Beyond encroaching the Galwan valley and other disputed areas, China is now planning huge reservoirs in Tibet using the so-called Heaven Channel, as well as the diversion of water resources to Beijing and Shanghai in order to satisfy China’s water shortage. At the same time, however, this would mean that water volumes belonging to India and Southeast Asia would be lacking, which can have ecological and profound economic consequences. There is increasing hope among parts of the Tibetans that Tibetan independence may be promoted through a water conflict between India and China and the border conflicts. The Tibetan Rangzen Alliance expressed this most clearly:
“The possibility of anarchy and chaos breaking out is very real. Should it get there, there would surely be a chance to achieve Tibet’s independence. Of course, we have to use those moments with determination and force. The Chinese, however weak and disoriented, will certainly not surrender Tibet peacefully or voluntarily. At the same time, it must be emphasized that ranking is not achieved by simply waiting for China to destroy itself. The Tibetans can promote the process by destabilizing Tibet from the inside and organizing international economic actions against China. (…) Even if China should not ultimately break up, but is only weakened by today’s difficulties, the Tibetans still exist the possibility of creating or promoting a situation in which China ‘s resources are underutilized and the Beijing leadership is forced to consider whether it is wise to sacrifice China’ s own stability and integrity peripheral colonies. (…)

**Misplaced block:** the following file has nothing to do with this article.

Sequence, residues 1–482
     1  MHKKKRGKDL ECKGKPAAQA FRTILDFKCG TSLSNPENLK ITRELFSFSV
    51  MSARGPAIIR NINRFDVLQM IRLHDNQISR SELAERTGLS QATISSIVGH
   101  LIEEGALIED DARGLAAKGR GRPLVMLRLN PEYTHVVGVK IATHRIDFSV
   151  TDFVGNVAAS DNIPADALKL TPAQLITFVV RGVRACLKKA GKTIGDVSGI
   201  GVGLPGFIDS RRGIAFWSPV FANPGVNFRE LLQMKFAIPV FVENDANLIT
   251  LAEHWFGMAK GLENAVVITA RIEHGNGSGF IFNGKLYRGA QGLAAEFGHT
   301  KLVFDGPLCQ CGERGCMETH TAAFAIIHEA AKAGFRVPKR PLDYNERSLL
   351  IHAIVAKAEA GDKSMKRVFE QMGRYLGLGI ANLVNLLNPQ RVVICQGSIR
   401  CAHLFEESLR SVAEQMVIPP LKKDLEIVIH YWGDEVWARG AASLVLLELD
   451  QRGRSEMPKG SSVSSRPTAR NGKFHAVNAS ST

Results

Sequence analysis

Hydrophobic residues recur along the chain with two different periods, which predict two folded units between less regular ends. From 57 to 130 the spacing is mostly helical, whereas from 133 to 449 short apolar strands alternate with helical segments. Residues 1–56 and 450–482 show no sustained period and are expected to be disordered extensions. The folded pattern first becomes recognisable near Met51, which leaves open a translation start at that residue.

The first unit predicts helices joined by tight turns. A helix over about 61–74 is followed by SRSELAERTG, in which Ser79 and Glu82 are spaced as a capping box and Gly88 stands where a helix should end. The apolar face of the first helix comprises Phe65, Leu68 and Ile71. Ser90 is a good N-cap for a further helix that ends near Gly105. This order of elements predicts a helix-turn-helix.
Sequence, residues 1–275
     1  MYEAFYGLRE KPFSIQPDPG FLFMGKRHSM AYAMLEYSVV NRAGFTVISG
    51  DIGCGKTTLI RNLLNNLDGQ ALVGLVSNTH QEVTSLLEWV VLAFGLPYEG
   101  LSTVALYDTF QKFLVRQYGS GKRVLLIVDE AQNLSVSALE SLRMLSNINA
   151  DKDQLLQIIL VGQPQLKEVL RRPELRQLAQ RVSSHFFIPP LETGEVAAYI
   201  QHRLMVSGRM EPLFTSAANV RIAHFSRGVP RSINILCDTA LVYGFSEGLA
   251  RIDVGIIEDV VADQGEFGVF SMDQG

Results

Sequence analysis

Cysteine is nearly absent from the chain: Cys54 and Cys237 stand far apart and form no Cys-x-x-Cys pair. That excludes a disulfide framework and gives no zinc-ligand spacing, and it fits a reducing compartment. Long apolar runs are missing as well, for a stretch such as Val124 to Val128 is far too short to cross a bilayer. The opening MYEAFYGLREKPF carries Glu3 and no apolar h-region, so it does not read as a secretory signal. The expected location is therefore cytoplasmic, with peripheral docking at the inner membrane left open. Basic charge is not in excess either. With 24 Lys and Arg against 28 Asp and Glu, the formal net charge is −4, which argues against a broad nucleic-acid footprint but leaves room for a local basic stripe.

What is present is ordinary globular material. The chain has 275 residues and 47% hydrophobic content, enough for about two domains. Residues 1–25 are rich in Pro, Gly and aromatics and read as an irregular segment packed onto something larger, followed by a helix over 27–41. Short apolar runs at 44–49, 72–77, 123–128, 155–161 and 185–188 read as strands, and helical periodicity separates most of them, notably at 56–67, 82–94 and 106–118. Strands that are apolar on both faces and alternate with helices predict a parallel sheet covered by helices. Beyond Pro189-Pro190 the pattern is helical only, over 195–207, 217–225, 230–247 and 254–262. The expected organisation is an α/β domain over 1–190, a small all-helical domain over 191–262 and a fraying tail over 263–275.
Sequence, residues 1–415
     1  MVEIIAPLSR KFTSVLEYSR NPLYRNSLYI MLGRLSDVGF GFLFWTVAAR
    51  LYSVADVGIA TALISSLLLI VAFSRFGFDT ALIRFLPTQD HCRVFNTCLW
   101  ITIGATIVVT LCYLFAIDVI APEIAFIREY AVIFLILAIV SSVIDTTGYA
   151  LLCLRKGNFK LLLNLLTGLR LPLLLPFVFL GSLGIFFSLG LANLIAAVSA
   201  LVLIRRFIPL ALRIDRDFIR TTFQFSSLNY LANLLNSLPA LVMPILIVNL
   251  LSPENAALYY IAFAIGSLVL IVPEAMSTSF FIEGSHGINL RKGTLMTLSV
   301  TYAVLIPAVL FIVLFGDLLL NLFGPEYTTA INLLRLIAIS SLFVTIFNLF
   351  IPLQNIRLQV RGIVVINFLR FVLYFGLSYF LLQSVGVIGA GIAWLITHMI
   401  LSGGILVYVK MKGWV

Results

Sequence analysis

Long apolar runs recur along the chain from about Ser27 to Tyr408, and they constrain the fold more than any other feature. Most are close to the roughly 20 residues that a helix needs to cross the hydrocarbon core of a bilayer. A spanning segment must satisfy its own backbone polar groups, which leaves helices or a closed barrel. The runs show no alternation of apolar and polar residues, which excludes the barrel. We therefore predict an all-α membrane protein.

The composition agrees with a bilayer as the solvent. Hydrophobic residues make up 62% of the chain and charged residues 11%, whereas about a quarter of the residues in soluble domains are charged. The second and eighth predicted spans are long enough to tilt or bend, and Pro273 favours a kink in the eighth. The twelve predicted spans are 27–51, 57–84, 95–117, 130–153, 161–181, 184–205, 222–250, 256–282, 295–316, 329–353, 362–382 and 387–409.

The struggle for Rangzen is a revolutionary struggle. It must be the business of those who have courage, dedication and willingness to make sacrifices. It should not be a tool from the box of Tibetan politicians’ electoral tricks, it should not be a machine that provides scholarships and benefits, promotes careers or business, helps immigrants to the USA, and those who like to frolic among the greats of show business and among the rich and famous want to be given the opportunity to do so. (…)
So far, the struggle that is taking place within Tibet has received little more than moral support from outside, and even on this point our contribution has been extremely ambiguous. For example, the current decline in activities within Tibet is certainly largely a result of the massive crackdown by the Chinese, but also our tactically unwise announcement of an impending dialogue with China and the appeal by the exile leadership to stop and harm activities that harm China’s economy Call for a “constructive approach” to China. (…)